Capacitor temperature effects

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New for January 2019. Here we will look at variations in capacitor performance with temperature.

Here's a companion page on capacitor variations with voltage.  Don't hold your breath for a page on capacitor aging, but that is a very real thing too!

Here's a great article that Presidio published in Microwave Journal, that includes information on various dielectrics.It also introduces the idea of buried single-layer caps which can solve a number of design issues. (BSLCs). Trust us, it is worth a read, in particular, check out Table 1.

Our aim is to summarize what most microwave engineers need to know on this page.  Let us know where we fall short. So far, the discussion below pertains to ceramic multi-layer ceramic caps (MLCCs), which are typically exhibit the most problematic temperature variations. There is a more thorough discussion of capacitor classes on Wikipedia, Standard capacitor classes are a nice idea to help engineers select products, but there is no single, worldwide system in place.  More like worldwide confusion!

Note: discussing temperature effects generally leads to discussion about temperature coefficients... which are the slope of a phenomenon versus temperature.  In the real world, slope changes versus temperature, so you can't just assume a single coefficient if you want accurate predictions. Class 1 caps are specified by temperature coefficient, as they have been engineered to have linear temperature behavior.  Class 2 caps vary all over the place, so a window of variation is specified over a temperature range.

A common miscionception is that capacitors "X7R" and "NPO" refer to materials, like "GaN" refers to gallium nitride.  The letter codes refer dielectric performance.  The actual dielectric materials have long names, such as oxides of barium titanate.  Microwave engineers usually don't need to dive into that.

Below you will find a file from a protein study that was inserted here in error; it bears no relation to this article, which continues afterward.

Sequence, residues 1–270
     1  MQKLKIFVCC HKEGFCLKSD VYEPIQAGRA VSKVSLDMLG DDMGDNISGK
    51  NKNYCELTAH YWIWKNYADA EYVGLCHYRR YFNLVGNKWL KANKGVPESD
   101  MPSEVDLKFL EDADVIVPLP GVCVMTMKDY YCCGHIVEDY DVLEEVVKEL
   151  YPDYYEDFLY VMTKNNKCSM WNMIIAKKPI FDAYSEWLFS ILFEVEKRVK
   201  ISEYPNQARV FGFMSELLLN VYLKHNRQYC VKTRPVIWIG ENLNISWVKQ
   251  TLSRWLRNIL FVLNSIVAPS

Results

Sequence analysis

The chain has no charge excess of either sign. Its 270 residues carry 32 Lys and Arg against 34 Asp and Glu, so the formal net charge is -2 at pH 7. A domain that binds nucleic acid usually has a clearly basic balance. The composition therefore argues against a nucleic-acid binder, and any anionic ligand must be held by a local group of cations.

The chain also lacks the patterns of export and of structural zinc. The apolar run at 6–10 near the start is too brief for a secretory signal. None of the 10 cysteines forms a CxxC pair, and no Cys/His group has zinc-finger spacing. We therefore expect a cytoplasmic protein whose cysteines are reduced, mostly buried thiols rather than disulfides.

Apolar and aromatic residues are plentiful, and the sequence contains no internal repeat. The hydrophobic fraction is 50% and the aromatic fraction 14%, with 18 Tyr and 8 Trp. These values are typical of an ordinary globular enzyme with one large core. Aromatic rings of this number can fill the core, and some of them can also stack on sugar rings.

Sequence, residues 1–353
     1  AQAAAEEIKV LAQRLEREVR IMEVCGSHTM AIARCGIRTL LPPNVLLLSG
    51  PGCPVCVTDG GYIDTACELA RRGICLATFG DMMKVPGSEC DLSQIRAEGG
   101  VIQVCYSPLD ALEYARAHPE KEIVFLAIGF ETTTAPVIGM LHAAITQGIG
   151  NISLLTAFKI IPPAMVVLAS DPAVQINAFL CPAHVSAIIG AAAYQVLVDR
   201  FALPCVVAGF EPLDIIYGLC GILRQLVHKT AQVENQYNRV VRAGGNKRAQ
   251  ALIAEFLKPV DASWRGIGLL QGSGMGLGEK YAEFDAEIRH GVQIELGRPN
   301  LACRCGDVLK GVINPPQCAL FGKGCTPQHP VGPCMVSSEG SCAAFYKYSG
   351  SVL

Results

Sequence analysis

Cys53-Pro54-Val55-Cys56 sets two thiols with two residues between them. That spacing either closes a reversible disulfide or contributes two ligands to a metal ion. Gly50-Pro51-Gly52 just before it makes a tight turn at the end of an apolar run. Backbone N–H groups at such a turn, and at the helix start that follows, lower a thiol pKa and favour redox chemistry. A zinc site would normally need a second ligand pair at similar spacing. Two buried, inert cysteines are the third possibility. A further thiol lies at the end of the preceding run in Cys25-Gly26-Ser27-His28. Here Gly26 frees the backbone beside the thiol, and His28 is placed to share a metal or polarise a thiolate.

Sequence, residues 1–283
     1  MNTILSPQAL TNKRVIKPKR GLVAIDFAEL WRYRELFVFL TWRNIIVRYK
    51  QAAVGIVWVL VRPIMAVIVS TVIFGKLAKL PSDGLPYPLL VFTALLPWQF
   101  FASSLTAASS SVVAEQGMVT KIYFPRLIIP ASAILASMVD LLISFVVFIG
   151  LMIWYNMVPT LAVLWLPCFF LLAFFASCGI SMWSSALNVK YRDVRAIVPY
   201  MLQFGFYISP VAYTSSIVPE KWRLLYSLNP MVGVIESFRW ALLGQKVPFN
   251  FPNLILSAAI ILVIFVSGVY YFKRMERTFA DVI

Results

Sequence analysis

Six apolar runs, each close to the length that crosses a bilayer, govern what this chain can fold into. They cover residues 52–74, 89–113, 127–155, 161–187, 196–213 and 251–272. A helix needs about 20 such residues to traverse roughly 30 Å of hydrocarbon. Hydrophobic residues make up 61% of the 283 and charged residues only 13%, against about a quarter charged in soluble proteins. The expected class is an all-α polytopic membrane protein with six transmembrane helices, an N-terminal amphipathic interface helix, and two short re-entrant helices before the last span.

Some electronics standards history...

Before we get deep into this discussion, you'll need some history of standards organizations.  These organizations are formed as collaborative efforts of manufacturers.  The grand-daddy of all electronics standards associations was Associated Radio Manufacturers, formed in 1924 when radio was rapidly expanding. By 1952, it morphed into Radio and Television Manufacturers Association (RETMA). You might be familiar with "RETMA" values for components, see our discussion on this Microwaves101 page.  RETMA becamer Electronic Industries Association (EIA) in 1957.  In 1997 EIA became Electronics Industry Alliance.  EIA disbanced in 2007, but JEDEC spun back out and carries on some of the mission.  Standards associations require money to operate, thus they sell standards on-line, as well as charging a minimum of $6400 to become a member.  Last time we checked the capacitor spec EIA-198 that governs the information on this page sells for $83, on the IHC Markit web site.  You can also buy it on Electronic Components Industry Association  ECIA's web site.  Maybe one of these days we'll buy it, but it seems a little steep for a document that was probably written 50 years ago. Maybe someone reading this has a copy and canm weigh in on how it changed their life?  Meanwhile, info from EIA-198 has leaked out over the years, because hiow are you going to apply a standard it it is all a big secret? More info on electronics standards organizations here on Wikipedia.  

Note: there is a competing standard from  International Electrotechnical Commission (IEC) in Europe.  There is apparently a lot of overlap, but the devil is in the details.  In practice, the European standard seems to have taken over, just visit the Digikey web site.  Time marches on!

Classes of ceramic caps

Class 1: Temperature stable (linear variations available for temp-comp circuits), but limited capacitance density (dielectric constants up to ~40)

Class 2: More temperature variation (very nonlinear), much higher capacitance (dielectrics in thousands)